|For Immediate Release|
|Friday, February 26, 2016|
|Contact:||Jacqueline Reis at ESE at 781-338-3115 and Brianne Miers at Mass Insight at 617-778-1537|
Massachusetts Advanced Placement Gains Lead the Nation
Has seen largest 5- and 10-year gains in the percent of graduates who score at least a 3
MALDEN - Advanced Placement results that the College Board released this week show that Massachusetts continues to see increases in the percentage of graduating seniors who took at least one AP exam and in the percentage who scored at least a 3 on the exam's 5-point scale.
Those consistent increases gave the Commonwealth the nation's greatest 5- and 10-year gains in terms of the percentage of graduates earning a 3 or higher.
Participation by members of the class of 2015 rose by 7.8 percent compared to the prior year, and the number of exams on which students scored 3 or higher increased by 6 percent. According to the College Board, 27,865 members of Massachusetts' class of 2015, or approximately 45 percent, took at least one AP exam while they were in high school, and 31.5 percent of the class of 2015 scored 3 or higher on an AP exam.
A score of 3 or above shows that a student is capable of doing the work for an introductory college-level course in that subject area, according to the College Board.
Massachusetts (31.5 percent) is second in the nation behind Maryland (31.7 percent) in terms of the percentage of the class of 2015 who scored 3 or higher on an AP exam.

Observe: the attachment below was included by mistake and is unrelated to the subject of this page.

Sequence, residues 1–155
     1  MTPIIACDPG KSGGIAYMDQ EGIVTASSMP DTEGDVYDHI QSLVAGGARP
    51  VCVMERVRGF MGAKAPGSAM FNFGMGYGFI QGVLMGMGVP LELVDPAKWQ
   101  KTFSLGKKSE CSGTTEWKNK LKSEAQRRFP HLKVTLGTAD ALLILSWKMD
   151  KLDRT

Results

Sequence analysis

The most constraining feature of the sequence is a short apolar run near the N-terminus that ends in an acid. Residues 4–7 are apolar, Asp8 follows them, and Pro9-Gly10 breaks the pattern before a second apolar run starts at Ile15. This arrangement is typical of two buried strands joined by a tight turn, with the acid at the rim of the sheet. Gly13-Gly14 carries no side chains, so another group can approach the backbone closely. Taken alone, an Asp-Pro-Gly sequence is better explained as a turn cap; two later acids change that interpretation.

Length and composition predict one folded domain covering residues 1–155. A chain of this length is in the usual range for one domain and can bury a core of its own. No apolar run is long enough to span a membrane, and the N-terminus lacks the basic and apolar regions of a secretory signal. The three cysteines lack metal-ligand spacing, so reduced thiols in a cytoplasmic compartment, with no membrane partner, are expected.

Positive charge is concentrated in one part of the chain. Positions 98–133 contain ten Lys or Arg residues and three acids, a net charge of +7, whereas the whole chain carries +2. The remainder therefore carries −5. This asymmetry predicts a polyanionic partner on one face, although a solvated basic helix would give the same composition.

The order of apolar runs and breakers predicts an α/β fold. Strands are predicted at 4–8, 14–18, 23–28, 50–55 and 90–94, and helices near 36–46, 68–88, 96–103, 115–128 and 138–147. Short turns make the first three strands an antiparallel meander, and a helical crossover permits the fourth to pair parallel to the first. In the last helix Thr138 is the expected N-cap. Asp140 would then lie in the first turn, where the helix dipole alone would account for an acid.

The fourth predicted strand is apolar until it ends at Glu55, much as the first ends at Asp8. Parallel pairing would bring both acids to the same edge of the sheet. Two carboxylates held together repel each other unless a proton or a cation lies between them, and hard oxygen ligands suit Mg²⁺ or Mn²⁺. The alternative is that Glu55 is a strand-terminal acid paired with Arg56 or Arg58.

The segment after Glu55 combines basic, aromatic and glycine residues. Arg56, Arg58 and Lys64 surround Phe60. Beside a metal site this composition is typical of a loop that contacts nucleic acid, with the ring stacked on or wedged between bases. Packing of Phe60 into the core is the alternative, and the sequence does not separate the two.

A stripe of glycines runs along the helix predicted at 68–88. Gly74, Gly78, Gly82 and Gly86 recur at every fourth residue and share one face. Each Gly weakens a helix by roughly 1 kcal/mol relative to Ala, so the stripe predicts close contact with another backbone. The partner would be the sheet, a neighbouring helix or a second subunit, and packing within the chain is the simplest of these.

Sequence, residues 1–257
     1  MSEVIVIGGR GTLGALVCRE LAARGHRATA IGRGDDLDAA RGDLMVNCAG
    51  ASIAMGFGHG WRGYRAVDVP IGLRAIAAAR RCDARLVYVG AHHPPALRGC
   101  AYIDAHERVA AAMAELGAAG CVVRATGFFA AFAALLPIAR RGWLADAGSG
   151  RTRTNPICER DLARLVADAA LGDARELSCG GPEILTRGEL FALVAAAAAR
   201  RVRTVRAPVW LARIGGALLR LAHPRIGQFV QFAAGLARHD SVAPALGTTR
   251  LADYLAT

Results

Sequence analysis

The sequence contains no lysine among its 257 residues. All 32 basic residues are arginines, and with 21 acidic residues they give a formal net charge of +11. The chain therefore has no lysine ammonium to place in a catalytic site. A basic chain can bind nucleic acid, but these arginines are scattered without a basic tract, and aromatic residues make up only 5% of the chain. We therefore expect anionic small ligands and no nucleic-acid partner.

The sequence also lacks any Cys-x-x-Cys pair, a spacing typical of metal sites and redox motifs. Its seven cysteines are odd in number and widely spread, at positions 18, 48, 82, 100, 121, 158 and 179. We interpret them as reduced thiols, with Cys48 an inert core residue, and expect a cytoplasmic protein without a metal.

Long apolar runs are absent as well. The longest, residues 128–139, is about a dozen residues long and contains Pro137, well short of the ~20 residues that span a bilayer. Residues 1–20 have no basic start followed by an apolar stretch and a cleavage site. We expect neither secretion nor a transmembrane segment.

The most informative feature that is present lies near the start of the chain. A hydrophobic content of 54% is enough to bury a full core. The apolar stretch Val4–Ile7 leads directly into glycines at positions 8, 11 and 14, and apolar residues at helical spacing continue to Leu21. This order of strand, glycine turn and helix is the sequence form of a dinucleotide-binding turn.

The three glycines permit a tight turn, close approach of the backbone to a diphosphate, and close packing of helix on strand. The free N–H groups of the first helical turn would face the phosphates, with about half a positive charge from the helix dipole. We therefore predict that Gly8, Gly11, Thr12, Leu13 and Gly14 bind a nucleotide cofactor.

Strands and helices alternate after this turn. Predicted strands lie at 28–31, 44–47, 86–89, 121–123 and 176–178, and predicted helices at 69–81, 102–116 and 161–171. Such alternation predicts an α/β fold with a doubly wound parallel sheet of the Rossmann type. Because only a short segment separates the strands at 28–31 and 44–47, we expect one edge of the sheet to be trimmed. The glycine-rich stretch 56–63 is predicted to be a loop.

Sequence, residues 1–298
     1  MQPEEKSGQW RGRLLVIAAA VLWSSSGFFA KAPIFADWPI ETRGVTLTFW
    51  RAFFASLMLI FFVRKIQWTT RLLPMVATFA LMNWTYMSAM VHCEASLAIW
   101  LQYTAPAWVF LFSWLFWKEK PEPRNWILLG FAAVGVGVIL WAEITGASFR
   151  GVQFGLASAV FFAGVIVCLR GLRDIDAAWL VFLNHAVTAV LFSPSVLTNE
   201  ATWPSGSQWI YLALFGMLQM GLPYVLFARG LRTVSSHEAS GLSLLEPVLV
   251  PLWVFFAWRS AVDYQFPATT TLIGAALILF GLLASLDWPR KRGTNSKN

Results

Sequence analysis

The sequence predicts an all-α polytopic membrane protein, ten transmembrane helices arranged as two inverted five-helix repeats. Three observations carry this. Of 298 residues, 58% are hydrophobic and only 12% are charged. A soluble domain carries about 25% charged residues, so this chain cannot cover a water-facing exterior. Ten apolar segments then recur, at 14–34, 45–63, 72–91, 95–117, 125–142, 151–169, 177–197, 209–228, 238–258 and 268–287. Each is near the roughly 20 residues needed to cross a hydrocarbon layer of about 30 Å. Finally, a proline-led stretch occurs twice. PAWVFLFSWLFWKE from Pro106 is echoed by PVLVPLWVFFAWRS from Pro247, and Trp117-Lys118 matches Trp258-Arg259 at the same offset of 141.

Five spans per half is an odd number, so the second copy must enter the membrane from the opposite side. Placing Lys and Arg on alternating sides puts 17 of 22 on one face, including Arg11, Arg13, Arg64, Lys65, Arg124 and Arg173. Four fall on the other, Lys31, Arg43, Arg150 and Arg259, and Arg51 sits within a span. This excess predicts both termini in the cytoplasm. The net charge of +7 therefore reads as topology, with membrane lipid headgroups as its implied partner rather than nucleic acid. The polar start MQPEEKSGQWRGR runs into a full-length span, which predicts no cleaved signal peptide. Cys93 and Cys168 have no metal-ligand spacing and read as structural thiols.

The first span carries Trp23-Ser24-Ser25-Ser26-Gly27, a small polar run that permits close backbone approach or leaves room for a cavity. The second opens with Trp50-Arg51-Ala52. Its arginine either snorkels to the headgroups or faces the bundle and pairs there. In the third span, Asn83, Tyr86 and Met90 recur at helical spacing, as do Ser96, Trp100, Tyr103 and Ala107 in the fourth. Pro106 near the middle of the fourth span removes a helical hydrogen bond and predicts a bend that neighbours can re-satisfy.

"I congratulate students and teachers for undertaking the challenging course work involved in Advanced Placement classes," said Secretary of Education James A. Peyser. "As we continue our efforts to close the achievement gap, I hope more students will enroll in rigorous courses like AP in order to prepare for college and a career."
Black and Hispanic/Latino students continue to make strong gains in participation and performance. In 2005, 9.5 percent of Massachusetts' black high school graduates took at least one AP exam; in 2015, 35.2 percent did. In 2005, 3.4 percent of black high school graduates scored at least 3 on one or more AP exams; in 2015, 13.5 percent did.
Hispanic/Latino students saw similar gains. In 2005, 14.2 percent of the commonwealth's Hispanic/Latino high school graduates took at least one AP exam; in 2015, 32.8 did. In 2005, 5 percent of Hispanic/Latino high school graduates scored at least 3 on one or more AP exams; in 2015, 12.1 percent did.
Low-income members of the Massachusetts' class of 2015 earned a 3 or higher at almost the same rate (22 percent) as all students nationally (22.4 percent).
"I am pleased to see the continued growth in Advanced Placement participation and success," said Elementary and Secondary Education Commissioner Mitchell D. Chester. "I thank Mass Insight Education for their work to expand access to AP courses across the state, and I appreciate all the districts who worked with us on Race to the Top-funded efforts to better prepare students in middle school for challenging coursework in high school."
William Guenther, president, CEO and founder of Mass Insight, said, "These results are the culmination of a successful seven-year partnership between Mass Insight, state leadership and school districts. They also are a testament to the dedication of the AP teachers and the hard work of the students in our program – many of whom give up their Saturdays for extra AP preparation. We're especially proud to play a role in ensuring those from underserved communities have the skills they need to thrive in college and their future careers."
About Mass Insight Education
Founded in Boston in 1997, Mass Insight Education is a national nonprofit dedicated to improving student achievement and increasing college success through rigorous academic programs. Their Advanced Placement work with select districts in Massachusetts is supported by state funds and private donations. For more information, visit Mass Insight Education.